Trusting your instincts vs. analytical play Part 1
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- Published June 26th, 2012 in Poker Strategy & Tips
One of the most oft-repeated mantras in the world of poker is to be detached from your emotions while you are playing; in fact I have espoused this myself for many years. Today I’m here to tell you that I was wrong, dead wrong, on this matter, and in this two-part article I will explain why your emotions are every bit as important at a poker table as your ability to reason.
The emotions produced by your brain (perhaps a better word to use here is intuitions) allows you to quickly draw upon your experiences to make a lightning-fast decision: Your analytical brain does just the opposite; it overrides your feelings and instincts, forcing you to look at things from a completely logical perspective.
Imagine a squirrel that happens across a cat. The squirrel has a number of choices to make:
- Stand still and hope the cat doesn’t see him, or simply doesn’t care to bother with the squirrel
- Run in the opposite direction
- Look for safety in a nearby tree
Fortunately for the squirrel, nature has provided the emotions needed to make a split second decision based on the proximity of the cat, the cat’s posture (which tells the squirrel a lot about the animal’s intentions), and the environment. If the squirrel were to try to logically arrive at the safest decision, he would do so inside the cat’s mouth. The squirrel simply doesn’t have time to work out the distance to the nearest tree and compare this to the precise distance between the cat and himself, as well as the running speed of both animals.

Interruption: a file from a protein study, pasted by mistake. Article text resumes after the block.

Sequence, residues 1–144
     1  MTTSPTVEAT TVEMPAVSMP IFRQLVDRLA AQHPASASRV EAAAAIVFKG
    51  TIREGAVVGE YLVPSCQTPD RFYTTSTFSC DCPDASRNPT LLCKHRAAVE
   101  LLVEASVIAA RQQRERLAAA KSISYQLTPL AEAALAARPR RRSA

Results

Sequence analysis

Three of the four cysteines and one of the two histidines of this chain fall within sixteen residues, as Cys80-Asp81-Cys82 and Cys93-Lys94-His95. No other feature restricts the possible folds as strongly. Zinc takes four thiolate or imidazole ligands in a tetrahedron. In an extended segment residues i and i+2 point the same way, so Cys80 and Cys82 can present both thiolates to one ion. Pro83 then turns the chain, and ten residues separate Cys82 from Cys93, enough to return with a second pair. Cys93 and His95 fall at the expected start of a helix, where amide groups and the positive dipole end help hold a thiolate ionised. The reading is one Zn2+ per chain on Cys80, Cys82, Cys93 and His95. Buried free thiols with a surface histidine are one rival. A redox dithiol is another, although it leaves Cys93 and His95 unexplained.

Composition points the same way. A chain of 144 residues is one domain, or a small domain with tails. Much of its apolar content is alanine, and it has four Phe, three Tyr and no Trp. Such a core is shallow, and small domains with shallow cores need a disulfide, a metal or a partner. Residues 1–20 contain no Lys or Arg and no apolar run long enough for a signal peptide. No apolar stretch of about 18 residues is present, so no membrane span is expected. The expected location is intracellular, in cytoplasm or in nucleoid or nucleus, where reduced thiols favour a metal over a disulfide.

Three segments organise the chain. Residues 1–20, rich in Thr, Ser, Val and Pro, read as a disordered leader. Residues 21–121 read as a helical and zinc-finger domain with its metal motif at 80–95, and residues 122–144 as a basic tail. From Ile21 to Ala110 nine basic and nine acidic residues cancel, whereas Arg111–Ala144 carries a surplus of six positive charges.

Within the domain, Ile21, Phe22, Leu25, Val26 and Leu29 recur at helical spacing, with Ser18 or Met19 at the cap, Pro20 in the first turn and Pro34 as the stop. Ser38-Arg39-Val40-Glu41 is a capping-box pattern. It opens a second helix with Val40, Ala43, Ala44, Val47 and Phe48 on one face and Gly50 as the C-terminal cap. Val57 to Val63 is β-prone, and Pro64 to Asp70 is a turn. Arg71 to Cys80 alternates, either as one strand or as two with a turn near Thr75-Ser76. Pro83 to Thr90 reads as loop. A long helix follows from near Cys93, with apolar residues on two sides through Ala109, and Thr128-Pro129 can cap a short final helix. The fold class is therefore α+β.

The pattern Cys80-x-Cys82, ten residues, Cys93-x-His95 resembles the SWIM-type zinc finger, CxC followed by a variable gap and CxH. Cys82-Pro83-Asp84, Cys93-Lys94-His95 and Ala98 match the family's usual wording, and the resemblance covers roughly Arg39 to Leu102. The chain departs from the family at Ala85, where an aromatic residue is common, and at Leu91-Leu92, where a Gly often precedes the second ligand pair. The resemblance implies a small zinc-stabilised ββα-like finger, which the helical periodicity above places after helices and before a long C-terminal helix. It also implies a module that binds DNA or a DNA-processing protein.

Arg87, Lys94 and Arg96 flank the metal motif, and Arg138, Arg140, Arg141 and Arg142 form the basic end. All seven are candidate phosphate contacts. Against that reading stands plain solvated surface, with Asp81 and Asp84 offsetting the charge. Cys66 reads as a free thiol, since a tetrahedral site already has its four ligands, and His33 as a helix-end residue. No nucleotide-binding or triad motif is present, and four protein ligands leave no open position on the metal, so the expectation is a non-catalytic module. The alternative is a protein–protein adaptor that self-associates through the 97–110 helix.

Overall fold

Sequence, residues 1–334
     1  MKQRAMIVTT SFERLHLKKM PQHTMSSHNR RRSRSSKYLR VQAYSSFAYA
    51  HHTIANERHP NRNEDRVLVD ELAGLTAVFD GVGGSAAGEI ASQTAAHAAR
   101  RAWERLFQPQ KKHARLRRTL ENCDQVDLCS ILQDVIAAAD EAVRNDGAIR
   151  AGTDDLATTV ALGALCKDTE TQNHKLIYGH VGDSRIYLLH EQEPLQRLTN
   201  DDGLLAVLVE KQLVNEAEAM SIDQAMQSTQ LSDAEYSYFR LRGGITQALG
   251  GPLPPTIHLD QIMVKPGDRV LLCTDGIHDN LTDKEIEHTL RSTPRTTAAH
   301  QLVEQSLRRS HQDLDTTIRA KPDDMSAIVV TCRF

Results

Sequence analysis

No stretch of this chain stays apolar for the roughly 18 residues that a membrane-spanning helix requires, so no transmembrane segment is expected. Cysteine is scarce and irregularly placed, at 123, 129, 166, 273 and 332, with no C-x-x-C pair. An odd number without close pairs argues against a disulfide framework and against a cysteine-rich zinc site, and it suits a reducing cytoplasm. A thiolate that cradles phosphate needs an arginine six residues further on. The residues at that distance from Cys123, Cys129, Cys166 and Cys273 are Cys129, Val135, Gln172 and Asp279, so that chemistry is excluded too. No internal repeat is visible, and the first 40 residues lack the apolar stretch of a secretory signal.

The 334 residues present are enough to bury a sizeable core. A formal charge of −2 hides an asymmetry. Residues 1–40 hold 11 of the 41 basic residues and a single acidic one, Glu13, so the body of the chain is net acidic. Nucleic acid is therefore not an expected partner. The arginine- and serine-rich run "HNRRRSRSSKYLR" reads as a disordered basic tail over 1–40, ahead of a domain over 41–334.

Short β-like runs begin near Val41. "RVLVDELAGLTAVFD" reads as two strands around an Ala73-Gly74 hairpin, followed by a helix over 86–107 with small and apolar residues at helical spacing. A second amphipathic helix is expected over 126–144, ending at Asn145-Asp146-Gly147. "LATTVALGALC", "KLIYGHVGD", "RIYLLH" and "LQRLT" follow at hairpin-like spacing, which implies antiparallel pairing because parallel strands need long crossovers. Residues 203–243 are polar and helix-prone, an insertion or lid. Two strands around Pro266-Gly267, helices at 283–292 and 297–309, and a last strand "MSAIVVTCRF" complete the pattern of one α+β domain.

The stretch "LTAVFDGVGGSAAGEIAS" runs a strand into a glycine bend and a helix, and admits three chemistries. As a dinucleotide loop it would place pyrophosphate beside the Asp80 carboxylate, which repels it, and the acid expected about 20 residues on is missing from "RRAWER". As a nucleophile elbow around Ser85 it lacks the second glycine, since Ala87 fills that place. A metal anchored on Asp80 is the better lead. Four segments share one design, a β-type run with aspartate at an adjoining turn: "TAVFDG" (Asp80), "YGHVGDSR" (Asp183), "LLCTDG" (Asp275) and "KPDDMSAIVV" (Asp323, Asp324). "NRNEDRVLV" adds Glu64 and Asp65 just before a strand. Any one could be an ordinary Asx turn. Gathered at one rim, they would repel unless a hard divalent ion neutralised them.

The same holds true for experienced poker players; most of the time the answers will come from our emotions: a sudden pang of fear, a feeling of satisfaction, and so on. You may not even know why these feelings have surfaced, and that’s fine; what matters is that you pay attention to them. Chances are your brain picked-up on a movement by your opponent, or a particular pattern that your brain correlates to a certain emotion based on your experience.
Emotions don’t necessarily mean you are on tilt, emotions can be subtle, and it’s these subtle shifts in emotions you should be paying particular attention to. When your opponent bets out of nowhere and an alarm bell goes off in your head, stop and listen, it may just save you at the poker tables. You may not have noticed it, but your brain may have picked up on a very subtle cue by your opponent that it has seen 1,000 different times in the past from other players, and every time your brain has logged this information (or the overwhelming majority) you have lost: This quick sense of danger is no different than a rustling branch to a squirrel; a squirrel that is experienced enough to know the difference between the wind rustling the branch and a potential predator.
Squirrel’s don’t ‘freeze’ every time a branch moves, but they do when the branch is rustled by a predator: It’s the environmental cues that sets off the alarm bell inside the squirrel’s head: The branch makes the same noise, the same motion, but something is different, and the squirrel’s brain knows it, even if the squirrel doesn’t.
In part 2 of this series I’ll take a look at what situations call for a player to use an analytical approach to the game and what situations a player is better off leaving up to the instincts.
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